Posted by: vip | June 19, 2014

Blogging the genealogist way

meBlogging the genealogist way

 

I had almost lost it—that this is a blog. Well, there’s also a cabinet in it containing various family files, and still others with some Carcar tidbits, but all in all, it is really a blog of my experiences digging into old records of the town. And as such, it should be about what that experience entails for me. So, here, the blog…

Anyone out there? Whenever my personal resources dry up, I imagine all sorts of meet-up with my relatives since they’ve really been the only ones who have chipped in to help with my project. But I was never one to initiate any asking.

Befriending ancestors. So, like, I even dream of having made the acquaintance of my ancestors while they were still living, infect them with the passion that propels me in my avocation. My great-grandfather Pedro (1852-1905) was a church escribaño and became secretario municipal of Carcar around the 1890s and many records of Carcar of that period bore his signature as witness, and if I’d met him, I would’ve wangled an appointment and I’m pretty certain he’d have been able to fix me up with a municipal budget and tide my trips over. He knows it’s not for siopao and soda but for the tedious work I’ve done for the family trees, and aiming still to do.

And he’d even been able to help iron out the “discrepancies” in some records I’d found, too.

Tangarorang mystery. For instance, how is it that in his second marriage, this time in Barili, his deceased wife was identified as Anacleta Tangarucan. The Barili church clerk would have known nothing about that surname except through Tatang Pedoy. As a church escribaño himself, he’d know which was the correct form of the surname. So, was it always Tangarucan and not Tangarorang? It does say as much in the Catálogo de Apellidos. So how did the makeover take place? Was the change decided on, or did changes just little by little happen?

Avila? Along the same vein, would he know anything about Andres Jimena and his family changing their surname to Avila?

Aleonar. And most of all, I’d ask him the dead end of the Aleonar family tree: Where, what town in Bohol did our ancestor, his grandfather, Vidal Ygnacio, come from?

Where did the Aleonars in Leyte and Laguna come from, did they all arose out of Carcar?

Bohol. So, how is it that many Boholano migrants got along so famously with native families and even made cabeza in the next generation – it’s an intriguing thought — were they old acquaintances, trading partners or, omG, were the old Carcar families also originally from Bohol, or these Boholanos originally from Carcar?

Mestizos Sangleys. And how, he suspect, did the mestizos Sangleys just sort of grabbed the power in the town? Carcar had centuries of Alcover, Navarro, Alvarado, Cuison, Alcos, Alcoy, Canencia, Ybañez, Alcorisa, Dayondon, Barcenas, Alcordo playing musical chairs with the gobernadorcillo seat of the town and when the mestizos arrived, in one stroke just got wiped out from the contention.

San Nicolas families. Meanwhile, most San Nicolas families arrived in Carcar only after the Claveria decree already and so everyone already had a family name, but did he know who among the families had these surnames while still in San Nicolas even before Claveria — Aguilar, de la Cerna, Caban, Nacua, Abellana, Baclay, Enriquez, etc.? We only know of Aldave and Caballero to have arrived without those surnames yet at the time they did before the decree.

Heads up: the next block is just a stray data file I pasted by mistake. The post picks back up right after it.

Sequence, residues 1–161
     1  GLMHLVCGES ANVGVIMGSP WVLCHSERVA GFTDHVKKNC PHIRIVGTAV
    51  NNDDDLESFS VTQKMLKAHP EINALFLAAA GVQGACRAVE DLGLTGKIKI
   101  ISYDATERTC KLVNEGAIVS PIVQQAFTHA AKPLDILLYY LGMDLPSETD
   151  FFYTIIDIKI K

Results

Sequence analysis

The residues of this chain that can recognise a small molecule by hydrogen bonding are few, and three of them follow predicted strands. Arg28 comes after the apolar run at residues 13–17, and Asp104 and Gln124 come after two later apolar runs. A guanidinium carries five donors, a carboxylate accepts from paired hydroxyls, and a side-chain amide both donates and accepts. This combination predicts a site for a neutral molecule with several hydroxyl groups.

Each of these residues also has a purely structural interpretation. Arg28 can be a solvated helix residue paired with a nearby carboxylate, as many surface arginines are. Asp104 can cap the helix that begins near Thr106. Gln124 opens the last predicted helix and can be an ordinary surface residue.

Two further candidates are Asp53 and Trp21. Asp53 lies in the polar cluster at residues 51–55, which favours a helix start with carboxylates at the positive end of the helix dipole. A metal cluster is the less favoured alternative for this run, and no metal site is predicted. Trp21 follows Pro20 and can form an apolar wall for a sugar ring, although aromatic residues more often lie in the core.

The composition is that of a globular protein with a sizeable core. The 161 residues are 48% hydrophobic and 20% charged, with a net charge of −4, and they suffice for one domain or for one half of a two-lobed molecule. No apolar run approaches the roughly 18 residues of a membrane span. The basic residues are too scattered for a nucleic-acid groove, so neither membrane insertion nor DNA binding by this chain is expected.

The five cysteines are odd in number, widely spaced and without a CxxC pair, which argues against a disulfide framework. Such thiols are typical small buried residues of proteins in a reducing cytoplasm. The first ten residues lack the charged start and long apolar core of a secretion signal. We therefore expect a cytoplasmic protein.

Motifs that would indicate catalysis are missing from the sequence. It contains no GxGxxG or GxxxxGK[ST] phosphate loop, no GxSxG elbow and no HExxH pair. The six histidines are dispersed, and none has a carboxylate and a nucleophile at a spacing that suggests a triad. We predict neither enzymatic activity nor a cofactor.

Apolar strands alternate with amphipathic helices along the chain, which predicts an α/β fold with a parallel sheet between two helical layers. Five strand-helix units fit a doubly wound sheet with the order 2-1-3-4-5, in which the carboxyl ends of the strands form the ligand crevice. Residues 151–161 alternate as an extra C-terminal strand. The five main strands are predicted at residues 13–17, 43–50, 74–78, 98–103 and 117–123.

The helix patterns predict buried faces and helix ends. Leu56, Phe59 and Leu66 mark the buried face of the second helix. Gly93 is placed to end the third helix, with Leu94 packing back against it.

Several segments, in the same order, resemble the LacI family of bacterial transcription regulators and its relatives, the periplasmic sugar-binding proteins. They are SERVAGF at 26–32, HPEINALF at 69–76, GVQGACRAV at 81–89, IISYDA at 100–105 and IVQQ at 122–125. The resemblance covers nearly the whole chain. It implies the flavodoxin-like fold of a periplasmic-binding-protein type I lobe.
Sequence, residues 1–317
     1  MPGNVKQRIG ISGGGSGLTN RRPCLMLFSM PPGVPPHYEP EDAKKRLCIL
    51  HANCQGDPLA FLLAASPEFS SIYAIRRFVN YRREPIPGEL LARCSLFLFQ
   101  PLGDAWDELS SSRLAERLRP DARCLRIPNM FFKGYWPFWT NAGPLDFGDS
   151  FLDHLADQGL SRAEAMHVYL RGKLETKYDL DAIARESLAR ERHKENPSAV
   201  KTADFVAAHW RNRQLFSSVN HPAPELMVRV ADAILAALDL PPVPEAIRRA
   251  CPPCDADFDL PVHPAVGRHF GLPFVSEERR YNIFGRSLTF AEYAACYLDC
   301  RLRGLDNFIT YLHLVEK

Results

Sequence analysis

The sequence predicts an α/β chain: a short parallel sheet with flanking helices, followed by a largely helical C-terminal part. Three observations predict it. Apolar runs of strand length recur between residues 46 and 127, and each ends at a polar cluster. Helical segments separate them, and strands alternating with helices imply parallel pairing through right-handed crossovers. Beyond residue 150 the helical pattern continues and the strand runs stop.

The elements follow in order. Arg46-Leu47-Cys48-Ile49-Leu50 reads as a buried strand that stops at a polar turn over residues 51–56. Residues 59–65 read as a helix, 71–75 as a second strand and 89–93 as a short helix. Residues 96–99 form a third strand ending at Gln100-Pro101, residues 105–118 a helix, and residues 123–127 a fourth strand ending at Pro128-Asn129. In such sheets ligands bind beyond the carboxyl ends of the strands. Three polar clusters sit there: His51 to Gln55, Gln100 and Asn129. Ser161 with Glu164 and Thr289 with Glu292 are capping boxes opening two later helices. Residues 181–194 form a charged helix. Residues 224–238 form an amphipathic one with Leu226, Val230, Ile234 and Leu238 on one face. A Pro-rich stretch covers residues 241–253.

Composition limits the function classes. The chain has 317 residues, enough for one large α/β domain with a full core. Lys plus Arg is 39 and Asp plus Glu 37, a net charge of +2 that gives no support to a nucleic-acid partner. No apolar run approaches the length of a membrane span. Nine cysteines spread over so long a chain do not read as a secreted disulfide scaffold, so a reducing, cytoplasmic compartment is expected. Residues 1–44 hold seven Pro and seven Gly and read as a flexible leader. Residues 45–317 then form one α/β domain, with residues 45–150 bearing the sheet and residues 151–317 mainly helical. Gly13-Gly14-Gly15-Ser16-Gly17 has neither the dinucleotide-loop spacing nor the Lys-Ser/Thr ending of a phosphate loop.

Barili Aguilars. And if Tatang had any contact in Barili, did the Aguilars of that town also come from San Nicolas? I know per Barili records they had no surname yet also. Their starting person was known as Jose Masimillo [sic], later Jose Aguilar, aka as Capitan Josep.

Ancestral houses. 109 years after Tatang had died, people everywhere got fond of calling every family house an ancestral home. I don’t agree with the definition (since only the house where the entire clan started should rightfully be called ancestral), but does Tatang know where Don Tomas Osmeña’s house was while he managed the Osmeña estates in Carcar? And Doña Fausta Regis’s? And Don Andres Avila? Or Mariano Bernardo’s (Barcelo)? Apolonio Cuison’s, Francisco Valentin’s (Navarro), and so on and so forth?

Daanglungsod. Was the daang lungsod (old town) already called Carcar? If not, then by what name was the town known? And while we’re at it, was the patron saint always Santa Catalina de Alejandria?

Ancient beliefs and rituals. Before I forget this very important thing, but were there ancient native rituals that Carcaranons of 130 years ago still continued to practice, and which practices and customs had come from Bohol and which were indigenous to Carcar. And did the Spanish priests confront these as inimical to the Christian faith?

… …

Hopefully our paths would cross once in the while in the plaza (me from the convento, he from the municipio, however they called it at the time (our plaza is not a maze) and I’m sure Tatang would ask how my project is doing and – hopefully — how my presupuesto (budget) is holding up, too. I’ll have to account for it.

What was this place called in Carcar? What was the locality now occupied by the municipio and the church and convent—the hill — known before those buildings were put up? Was it previously occupied by people, and if so what happened to them? And did these natives have any tribal name – were they Sialos?

Oh well.

I dare not ask him where he is now. That’s so personal a question only he and his Creator ought to settle. But, whatever can be said, at least, when I talk about Tatang Pedoy (Pedro Barcelo Aleonar, 1852-1905) and all my other ancestors, they get to defy oblivion.


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